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80 of 90 people found the following review helpful
4.0 out of 5 stars 4.5 stars Disturbia-esque!
The Neighbors by Ania Ahlborn is being marketed as a cross between Blue Velvet and Basic Instinct -- but, I think a better marriage would be Disturbia weds the Stepford Wives. A strange tale of suburbia and sacrifice twists through the pages making this an engaging and captivating read. It's got cookies, drugs, dinners, tea and blood. What's not to love about this...
Published 22 months ago by Bitsy Bling Books

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120 of 129 people found the following review helpful
1.0 out of 5 stars What do you call the book equivalent of a snuff film?
The lack of character development and draggy plot only made the extremely disgusting horror scenes more detestable. The sexual deviance was creepy. Not in the way a good serial killer character is creepy. More like constant arousal and blood with poorly written dialogue occasionally thrown in. I like thrillers and well written horror. This was like an adult film "plot"...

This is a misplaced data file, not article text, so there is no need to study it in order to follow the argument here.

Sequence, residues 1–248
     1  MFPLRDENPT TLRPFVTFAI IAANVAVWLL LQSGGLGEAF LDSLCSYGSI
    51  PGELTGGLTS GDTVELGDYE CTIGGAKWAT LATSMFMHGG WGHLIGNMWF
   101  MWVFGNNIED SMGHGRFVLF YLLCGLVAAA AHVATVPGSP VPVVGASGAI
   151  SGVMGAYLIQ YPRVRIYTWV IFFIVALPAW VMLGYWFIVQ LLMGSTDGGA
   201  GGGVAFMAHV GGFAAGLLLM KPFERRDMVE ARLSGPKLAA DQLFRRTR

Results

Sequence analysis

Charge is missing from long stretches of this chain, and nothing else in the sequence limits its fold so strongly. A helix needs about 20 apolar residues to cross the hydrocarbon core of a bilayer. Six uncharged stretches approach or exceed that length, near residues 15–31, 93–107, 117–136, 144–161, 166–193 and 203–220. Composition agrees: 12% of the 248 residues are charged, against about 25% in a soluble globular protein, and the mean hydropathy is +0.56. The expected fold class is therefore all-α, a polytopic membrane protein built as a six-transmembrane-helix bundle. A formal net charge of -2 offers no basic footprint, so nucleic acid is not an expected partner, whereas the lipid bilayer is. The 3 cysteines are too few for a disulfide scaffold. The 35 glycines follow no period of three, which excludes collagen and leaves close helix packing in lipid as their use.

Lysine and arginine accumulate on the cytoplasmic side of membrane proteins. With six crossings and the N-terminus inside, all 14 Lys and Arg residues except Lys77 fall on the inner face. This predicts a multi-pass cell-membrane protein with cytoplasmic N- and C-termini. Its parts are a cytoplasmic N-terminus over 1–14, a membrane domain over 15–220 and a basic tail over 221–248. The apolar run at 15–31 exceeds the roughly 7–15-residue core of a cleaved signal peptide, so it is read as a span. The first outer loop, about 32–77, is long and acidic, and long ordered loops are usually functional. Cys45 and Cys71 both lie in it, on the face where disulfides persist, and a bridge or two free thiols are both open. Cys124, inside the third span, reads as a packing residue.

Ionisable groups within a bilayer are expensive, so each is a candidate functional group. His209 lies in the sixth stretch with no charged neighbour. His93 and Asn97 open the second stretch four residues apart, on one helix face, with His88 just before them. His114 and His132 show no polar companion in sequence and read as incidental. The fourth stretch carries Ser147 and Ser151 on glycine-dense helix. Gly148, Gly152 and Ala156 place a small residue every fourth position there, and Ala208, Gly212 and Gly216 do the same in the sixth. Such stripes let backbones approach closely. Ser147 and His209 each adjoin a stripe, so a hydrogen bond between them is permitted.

Published 19 months ago by FictionFan


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120 of 129 people found the following review helpful
1.0 out of 5 stars What do you call the book equivalent of a snuff film?, January 7, 2013
This review is from: The Neighbors (Kindle Edition)
The lack of character development and draggy plot only made the extremely disgusting horror scenes more detestable. The sexual deviance was creepy. Not in the way a good serial killer character is creepy. More like constant arousal and blood with poorly written dialogue occasionally thrown in. I like thrillers and well written horror. This was like an adult film "plot" surrounding the real purpose of the movie...only in this case, instead of sex it was pages and pages of nauseating bloody violence. There was also less detailed but prevalent theme of child sexual abuse. I skimmed the bloody parts but still feel queasy.
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80 of 90 people found the following review helpful
4.0 out of 5 stars 4.5 stars Disturbia-esque!, October 28, 2012
This review is from: The Neighbors (Paperback)